Published on Development Impact

# Stratum Fixed Effects: what kind of covariates are they?

After my last post on how to deal with missing values in baseline covariates in RCTs, a colleague wrote:

“I still haven’t seen a good discussion of whether you should do the demeaning and the interactions if your covariates are a whole bunch of strata (or even matched pair) dummies.”

So, I thought I’d do some research and write about that…

If the strata dummies are the only covariates, then the following two methods are equivalent:

1. Taking a weighted average of stratum-specific differences in means, with weights proportional to stratum size; and
2. Regressing Y on treatment, the strata dummies, and the interactions of treatment with the de-meaned strata dummies (omitting one dummy to avoid collinearity)

DeclareDesign had a blog post a while back, to which we likely linked in Development Impact, which included some simulations related to this issue, among other things. Things go haywire with simply including block fixed effects (FE) when the share of treated varies substantially across blocks, which becomes a problem if there is treatment effect heterogeneity across blocks. This is less of an issue in the question I was asked: many blocked randomization (or matched pairs, quadruplets, etc.) designs have equal shares of treatment in each block/stratum by design.[1] In their simulations of horse racing a bunch of approaches, they show that the two methods above (blocked difference in means and the Lin approach) have no bias for the average treatment effect (ATE) and the smallest bias for the standard error (SE).[2] [3]

Is that the end of it? Not quite. What if you have some other covariates, you also would like to adjust for? If the number of your strata dummies is not very large and the number of units within each stratum is large enough, then the advice above still applies. But what happens when you have many strata with a small number of units within each stratum (say, you have matched quadruplets with two treated and two control units in each block)? In this case, you have a tradeoff because you will start running into degrees of freedom issues. [Needless to say, you cannot use the Lin approach with matched pairs...]

Here, it helps to think about why the block FE approach is advised (seemingly, as a rule) in the first place: because if you don’t use them, you’d be leaving money (precision) on the table. You blocked randomization with the covariates you used for a reason: most likely because they are prognostic of the outcome and so controlling for them achieves more precision. But suppose there's some other covariate that's strongly predictive of the outcome but wasn't used in the blocking. The gain from controlling for this covariate could be greater than the gain from controlling for the blocks. What should we consider then? Two ideas:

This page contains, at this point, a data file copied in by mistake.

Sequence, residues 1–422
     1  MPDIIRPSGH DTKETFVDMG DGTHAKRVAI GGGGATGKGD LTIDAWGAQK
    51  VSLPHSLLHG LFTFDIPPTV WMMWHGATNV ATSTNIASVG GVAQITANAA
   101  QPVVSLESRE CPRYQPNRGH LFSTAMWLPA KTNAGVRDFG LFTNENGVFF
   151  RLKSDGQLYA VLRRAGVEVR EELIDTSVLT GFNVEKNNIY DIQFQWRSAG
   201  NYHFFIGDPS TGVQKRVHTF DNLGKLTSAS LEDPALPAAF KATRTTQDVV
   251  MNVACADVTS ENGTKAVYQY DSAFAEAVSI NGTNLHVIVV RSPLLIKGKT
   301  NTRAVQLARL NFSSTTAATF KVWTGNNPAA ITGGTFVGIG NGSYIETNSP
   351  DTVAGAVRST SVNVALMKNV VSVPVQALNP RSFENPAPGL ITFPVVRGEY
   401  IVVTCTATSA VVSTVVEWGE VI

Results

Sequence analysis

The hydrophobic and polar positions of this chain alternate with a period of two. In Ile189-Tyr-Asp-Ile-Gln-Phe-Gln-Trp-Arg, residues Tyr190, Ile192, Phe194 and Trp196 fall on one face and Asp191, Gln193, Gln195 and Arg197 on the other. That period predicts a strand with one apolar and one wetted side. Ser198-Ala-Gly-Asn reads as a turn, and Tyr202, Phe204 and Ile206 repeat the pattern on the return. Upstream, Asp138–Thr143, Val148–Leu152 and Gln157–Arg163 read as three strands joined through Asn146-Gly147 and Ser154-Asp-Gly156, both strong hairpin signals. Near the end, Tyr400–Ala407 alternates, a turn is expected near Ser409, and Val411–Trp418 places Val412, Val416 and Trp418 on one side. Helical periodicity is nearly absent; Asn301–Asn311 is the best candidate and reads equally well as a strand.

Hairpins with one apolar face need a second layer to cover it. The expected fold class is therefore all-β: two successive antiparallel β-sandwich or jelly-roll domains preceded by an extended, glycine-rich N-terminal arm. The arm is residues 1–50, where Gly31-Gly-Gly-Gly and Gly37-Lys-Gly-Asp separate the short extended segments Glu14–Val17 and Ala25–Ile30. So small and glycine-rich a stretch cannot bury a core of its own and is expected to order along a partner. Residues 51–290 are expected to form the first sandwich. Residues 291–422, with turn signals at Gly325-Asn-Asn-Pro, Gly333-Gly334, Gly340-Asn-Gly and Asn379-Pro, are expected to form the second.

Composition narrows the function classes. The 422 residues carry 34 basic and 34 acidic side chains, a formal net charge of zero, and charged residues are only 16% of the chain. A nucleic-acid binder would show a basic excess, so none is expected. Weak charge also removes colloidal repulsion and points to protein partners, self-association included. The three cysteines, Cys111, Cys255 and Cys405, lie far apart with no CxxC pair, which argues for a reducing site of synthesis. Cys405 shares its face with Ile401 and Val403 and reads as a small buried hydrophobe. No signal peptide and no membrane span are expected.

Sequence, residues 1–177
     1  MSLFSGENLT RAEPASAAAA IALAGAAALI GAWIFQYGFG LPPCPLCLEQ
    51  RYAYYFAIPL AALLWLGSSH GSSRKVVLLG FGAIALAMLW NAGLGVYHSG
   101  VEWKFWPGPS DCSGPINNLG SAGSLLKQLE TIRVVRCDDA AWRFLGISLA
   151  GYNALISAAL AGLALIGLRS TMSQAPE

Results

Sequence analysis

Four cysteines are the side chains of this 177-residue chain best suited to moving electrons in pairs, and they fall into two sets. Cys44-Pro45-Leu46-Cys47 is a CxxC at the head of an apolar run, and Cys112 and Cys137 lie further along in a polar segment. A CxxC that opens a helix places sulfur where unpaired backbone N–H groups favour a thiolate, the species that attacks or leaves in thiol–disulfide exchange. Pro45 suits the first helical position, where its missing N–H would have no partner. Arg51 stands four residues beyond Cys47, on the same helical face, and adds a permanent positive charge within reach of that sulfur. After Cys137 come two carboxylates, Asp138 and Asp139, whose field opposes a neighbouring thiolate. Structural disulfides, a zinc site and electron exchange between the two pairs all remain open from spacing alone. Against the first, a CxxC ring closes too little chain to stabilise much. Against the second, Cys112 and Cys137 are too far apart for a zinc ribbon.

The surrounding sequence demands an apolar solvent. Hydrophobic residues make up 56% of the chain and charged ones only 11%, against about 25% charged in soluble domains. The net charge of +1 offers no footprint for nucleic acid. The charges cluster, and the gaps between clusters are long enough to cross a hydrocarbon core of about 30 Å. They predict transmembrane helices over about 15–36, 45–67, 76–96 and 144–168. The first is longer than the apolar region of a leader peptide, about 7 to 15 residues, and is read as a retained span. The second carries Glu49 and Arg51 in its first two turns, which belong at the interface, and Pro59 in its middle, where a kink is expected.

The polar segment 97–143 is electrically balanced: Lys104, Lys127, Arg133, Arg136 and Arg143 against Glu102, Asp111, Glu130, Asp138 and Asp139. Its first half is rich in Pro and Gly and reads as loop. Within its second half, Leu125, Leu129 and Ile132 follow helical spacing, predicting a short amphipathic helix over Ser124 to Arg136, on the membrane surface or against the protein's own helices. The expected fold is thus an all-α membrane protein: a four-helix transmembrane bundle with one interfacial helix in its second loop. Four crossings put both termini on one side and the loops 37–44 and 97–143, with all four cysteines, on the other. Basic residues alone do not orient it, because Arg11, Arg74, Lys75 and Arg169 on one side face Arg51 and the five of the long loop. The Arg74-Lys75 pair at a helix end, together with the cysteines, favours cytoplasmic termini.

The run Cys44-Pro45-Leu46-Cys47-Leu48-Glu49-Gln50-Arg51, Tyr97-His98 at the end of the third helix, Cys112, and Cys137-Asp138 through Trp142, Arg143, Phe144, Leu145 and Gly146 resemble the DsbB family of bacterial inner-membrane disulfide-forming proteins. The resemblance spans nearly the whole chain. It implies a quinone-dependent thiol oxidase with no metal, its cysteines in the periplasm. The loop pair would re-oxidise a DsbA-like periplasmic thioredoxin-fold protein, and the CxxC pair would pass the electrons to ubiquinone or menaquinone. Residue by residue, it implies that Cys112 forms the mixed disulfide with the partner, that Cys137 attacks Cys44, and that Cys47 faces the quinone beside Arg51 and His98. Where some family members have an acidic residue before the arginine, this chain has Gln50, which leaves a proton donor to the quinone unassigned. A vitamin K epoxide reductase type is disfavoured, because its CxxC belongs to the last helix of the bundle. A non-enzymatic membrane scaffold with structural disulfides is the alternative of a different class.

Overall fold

1. If the probability of treatment varies by block, the analysis should still adjust for this (using either weighting or regression) to avoid bias.
2. Beyond that, controlling for pre-specified covariates that are predictive of potential outcomes can help reduce the standard errors. Ideally, the blocking would have been based on the most strongly predictive covariates, so controlling for blocks is consistent with this advice. But if the blocking was unlucky or unwise, then controlling for the most strongly predictive covariates (if the approach is pre-specified) is more important than controlling for blocks.

[Usual disclaimer: Many thanks go to Winston Lin, who always has time to respond to my stats questions and who, at this point, should get his own byline in Development Impact. This post has benefited from several short exchanges with Winston over text messages. All errors are mine.]

[1] But, if you are interested in assessing heterogeneity across some other groups across which treatment assignment might be unbalanced, you’d be still exposed to this issue.

[2] There is a different way to think about the blocked FE approach, which is that it is a different estimand: it is a weighted ATE, where the weights are , where share of   units are treated within block j, as described in the DeclareDesign blog. It’s what you have in your study population, and it might be OK for some people to prefer this estimand but be explicit about it (perhaps showing the treatment shares within blocks if they are unbalanced) …

[3] If you want to dig deeper into this issue, here are some other resources: The “Taking block randomization into account section in Lin, Green, and Coppock (2016); Liu and Yang (2020); and Ma, Tu, & Liu (2020).

## Authors

### Berk Özler

Lead Economist, Development Research Group, World Bank

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